My recent guilty pleasure has been listening to a podcast in which each episode is an interview with a successful entrepreneur and the brain behind multi-million dollar companies. The podcast, called “How I Built This,” always leaves me on a sort of “entrepreneurial high.”
I know I’m not the only one who is inspired by stories of successful, innovative business people who work hard to create and promote their brand. In fact, there are many Taylor students who also have a passion for entrepreneurship and are pursuing it wholeheartedly.
From cutting hair to making lollipops to pouring candles, Taylor’s entrepreneurial atmosphere is booming. Our generation of creatives is sparked with a go-getter fire that leads us to dream of what we can add to this world.
Donna Downs, co-chair of the communication department and advisor for Taylor’s Public Relations Student Society of America chapter, said students at Taylor are eager to sell their wares and share what they have to offer with the Taylor community. Her team ran the second Shop the Loop event on Mar. 4, which featured booths of many student and faculty entrepreneurs.
“These types of businesses have been at Taylor for a long time, but have never had a place to market themselves before this event,” Downs said. “It is important for students to feel like they have a voice in the marketplace, to be creative and to be entrepreneurs. . . People were amazed and excited by the students and their creativity.”
While dreaming of entrepreneurial ventures is exhilarating, it also comes with a single-story understanding of what successful entrepreneurship looks like. In podcasts and documentaries, we see story after story of the person who poured all of their own money into and spent all of their free time on this magical concept that eventually made them millions.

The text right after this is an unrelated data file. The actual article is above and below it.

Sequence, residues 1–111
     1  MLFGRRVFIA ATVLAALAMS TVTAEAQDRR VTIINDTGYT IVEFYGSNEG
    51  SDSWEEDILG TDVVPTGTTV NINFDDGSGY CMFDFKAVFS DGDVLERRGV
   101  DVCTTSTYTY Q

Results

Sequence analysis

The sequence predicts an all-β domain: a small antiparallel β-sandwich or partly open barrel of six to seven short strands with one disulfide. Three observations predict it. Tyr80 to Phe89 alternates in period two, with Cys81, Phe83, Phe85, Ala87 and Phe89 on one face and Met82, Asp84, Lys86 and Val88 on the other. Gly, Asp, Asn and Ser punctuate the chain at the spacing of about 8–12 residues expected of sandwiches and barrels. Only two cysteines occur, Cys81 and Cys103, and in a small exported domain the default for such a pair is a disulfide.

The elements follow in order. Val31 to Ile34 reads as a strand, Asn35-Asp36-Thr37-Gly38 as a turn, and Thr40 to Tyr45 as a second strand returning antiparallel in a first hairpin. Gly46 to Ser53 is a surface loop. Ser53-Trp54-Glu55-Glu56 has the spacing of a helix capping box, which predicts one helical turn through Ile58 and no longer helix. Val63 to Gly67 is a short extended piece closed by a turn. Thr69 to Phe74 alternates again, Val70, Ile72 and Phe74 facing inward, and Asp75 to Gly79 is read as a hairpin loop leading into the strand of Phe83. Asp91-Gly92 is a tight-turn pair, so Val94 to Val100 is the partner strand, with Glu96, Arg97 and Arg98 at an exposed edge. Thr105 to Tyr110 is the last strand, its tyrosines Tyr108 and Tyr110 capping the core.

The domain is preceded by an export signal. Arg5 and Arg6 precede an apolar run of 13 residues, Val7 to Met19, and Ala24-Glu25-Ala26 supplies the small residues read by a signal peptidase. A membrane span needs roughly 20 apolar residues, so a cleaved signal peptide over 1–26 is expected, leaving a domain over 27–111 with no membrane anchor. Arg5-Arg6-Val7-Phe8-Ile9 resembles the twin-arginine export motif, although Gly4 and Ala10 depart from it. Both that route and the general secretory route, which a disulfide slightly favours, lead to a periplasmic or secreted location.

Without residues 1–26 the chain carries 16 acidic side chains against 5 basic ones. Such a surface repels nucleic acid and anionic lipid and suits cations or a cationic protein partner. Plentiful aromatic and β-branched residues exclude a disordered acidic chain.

However, Andrew Fennig, director of Promising Ventures, shared that true entrepreneurship does not (and should not) always look like that. Fennig teaches a class called transformational entrepreneurship and innovation which teaches students about redemptive entrepreneurship.
Fennig now works for a non-profit called Love Justice that was started by Taylor grads which is an international organization working to end human trafficking. Since graduating, Fennig has been helping students understand what it looks like to make an entreprenurial venture into kingdom work.
How can we take each aspect of a new company, brand, business or product and hold them to a standard that is higher than just being ethical? Redemptive entrepreneurship goes above and beyond the normal standards for business and chooses to build upon biblical principles and follow the prompting of the Holy Spirit.
Fennig brings in other redemptive entrepreneurs to speak to his class such as Sajan George who founded Matchbook Learning and Polk Capital, both located in Indianapolis. George called students to always be learning and listening fervently to understand where they are called to create. Both Fennig and George understand what success means in the context of God’s calling.
So how do we cultivate our entrepreneurial mindset to be redemptive and centered on Christ? Fennig recommended looking into Praxis Academy, a group specifically geared to teaching budding entrepreneurs about redemptive entrepreneurship. At Taylor, events like Shark Tank and Shop the Loop help to foster that entrepreneurial creativity.
Students can and should take the vision and put it into practice.
“Part of it is having a high comfort level with failure,” Fennig said. “Failure is always a possibility, but that doesn’t have to define us or keep us from taking steps. The more that we can celebrate people — and even their failures — the more we can lower the hurdle to thinking about entrepreneurship and make it doable. We want to demystify the process and encourage people with creativity to go out and do those things.”
This story has been revised 3/12/20 regarding Fennig's role in starting Love Justice.